In a remote part of the countryside, a bungled kidnapping turns into a living nightmare for four central characters when they cross paths with a psychopathic farmer and all hell breaks ... See full summary »
Paul Andrew Williams
In the middle of World War I, nine British soldiers caught behind enemy lines seek refuge in a complex network of German trenches. What they soon discover is that they aren't alone - and it isn't a German soldier that's hunting them down.
Jannicke, Morten Tobias, Eirik, Mikal and Ingunn are on a snowboarding vacation in Jotunheimen. They are forced to take shelter in an abandoned hotel when Morten Tobias breaks his leg and ... See full summary »
Ingrid Bolsø Berdal,
Rolf Kristian Larsen,
Tomas Alf Larsen
A group of friends on vacation decide to venture onto a trail high up in the mountains that has been closed for repairs. The climb proves more perilous than planned, especially as they soon... See full summary »
In a juvenile detention center, the inmate Dave commits suicide after being abused with his friend Lindsay by the sociopath bullies Steve and Lewis under the indifference of the other cell-mates. The governor sends them to an uninhabited island to improve their relationships and characters under the command of the tough monitor Jed. They meet another camping with female delinquents under the command of veteran soldier Louise and they camp in another area. However, when they are attacked by a pack of dogs and a mysterious man with a cross-bow wearing camouflage, they join forces fighting to survive under the leadership of Callum.Written by
Claudio Carvalho, Rio de Janeiro, Brazil
When Callum is chasing Davie's Dad with the Crossbow. As he slides down the cliffs while following him the Crossbow goes from being cocked, to de-cocked, and back to cocked again. See more »
The distributor had requested the film be considered for a '15' when it was seen by the BBFC in the UK, but the language in the film was considered too strong for '15'. The distributor chose to reduce the very strong language in the film's final edit, leaving a single use of 'c**t' where there had originally been four uses. See more »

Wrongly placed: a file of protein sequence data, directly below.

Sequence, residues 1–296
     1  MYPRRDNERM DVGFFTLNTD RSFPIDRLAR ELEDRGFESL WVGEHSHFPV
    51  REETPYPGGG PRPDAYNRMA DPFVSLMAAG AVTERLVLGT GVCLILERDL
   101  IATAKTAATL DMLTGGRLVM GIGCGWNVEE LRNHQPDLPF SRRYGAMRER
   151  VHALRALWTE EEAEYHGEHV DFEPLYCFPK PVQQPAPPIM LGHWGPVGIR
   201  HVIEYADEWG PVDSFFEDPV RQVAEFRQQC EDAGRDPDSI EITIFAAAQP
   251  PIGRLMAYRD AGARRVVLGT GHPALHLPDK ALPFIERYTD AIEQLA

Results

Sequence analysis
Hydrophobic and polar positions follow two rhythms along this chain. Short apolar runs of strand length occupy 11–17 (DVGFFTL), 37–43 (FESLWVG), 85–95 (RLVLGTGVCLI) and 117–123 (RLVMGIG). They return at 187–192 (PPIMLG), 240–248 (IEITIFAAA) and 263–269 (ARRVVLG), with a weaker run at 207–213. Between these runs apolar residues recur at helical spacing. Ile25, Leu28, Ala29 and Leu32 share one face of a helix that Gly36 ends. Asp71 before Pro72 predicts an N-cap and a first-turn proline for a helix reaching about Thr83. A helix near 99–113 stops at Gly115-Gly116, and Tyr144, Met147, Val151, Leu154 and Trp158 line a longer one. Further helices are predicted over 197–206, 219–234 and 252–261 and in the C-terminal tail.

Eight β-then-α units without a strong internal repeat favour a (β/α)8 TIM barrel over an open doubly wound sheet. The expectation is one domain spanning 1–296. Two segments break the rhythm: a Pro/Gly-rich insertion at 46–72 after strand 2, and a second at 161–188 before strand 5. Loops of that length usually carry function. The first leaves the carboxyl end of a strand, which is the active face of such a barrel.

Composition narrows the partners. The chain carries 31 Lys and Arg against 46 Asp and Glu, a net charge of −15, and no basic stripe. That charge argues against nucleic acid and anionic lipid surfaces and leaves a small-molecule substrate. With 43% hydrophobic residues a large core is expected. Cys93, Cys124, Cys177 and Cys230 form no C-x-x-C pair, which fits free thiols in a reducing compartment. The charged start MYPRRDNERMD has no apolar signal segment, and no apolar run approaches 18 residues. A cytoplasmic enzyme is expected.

Director Michael J. Bassett appears to have discovered his stride
Recipe: take one large dollop of Lord of the Flies, toss in a few heaping tablespoons of Southern Comfort, sprinkle with traces of Deliverance, and add The Most Dangerous Game to taste. Blend on high for 110 minutes and presto, you've got a tasty treat of Wilderness, the new survival thriller by Director Michael J. Bassett.
Set on a remote uninhabited island used by Britain's correctional services as a retreat for troubled youth, the movie tells the story of a group of juvenile criminals who get sent to the remote location only to find themselves being stalked by a trained killer bent on revenge.
Screened at the 2006 edition of Montreal's Fantasia Film Festival, the movie doesn't make much effort to conceal the identity of the stalker. In fact, most viewers can figure this out in the first 15 minutes. However keeping secrets isn't what this story is about. Rather, it's about the thrill of hunting humans, the most sophisticated predator on the planet, and the diverse and innovative tricks involved.
Featuring Sean Pertwee, who seems to own a clause in British movie contracts saying he will appear in every UK thriller/horror film under production, the film showcases the talents of a young cast of unknowns who, while not demanded of Shakespearean performances, nonetheless turn in flawless performances to round out the movie.
Bassett, whose previous directorial debut was 2002's intriguing but flawed Deathwatch, seems to have found his stride with this effort. Scenes appear carefully thought out and executed, with a nice attention to detail. He clearly understands how to pace a film of this nature, and what works and what doesn't in what clearly was a demanding shoot involving attack dogs, forest chases, fires and numerous stunts.
The movie has something for every fan of the genre; beheadings, vicious forest traps, maulings, being eaten alive, crossbows, knife fights, skinheads, near drownings, the list goes on.
Viewers can add this to the ever growing list of British horror films such as The Descent, Dog Soldiers, and 28 Days Later (to name only a few) that are currently setting the world standard for delivering quality cinematic chills and thrills.
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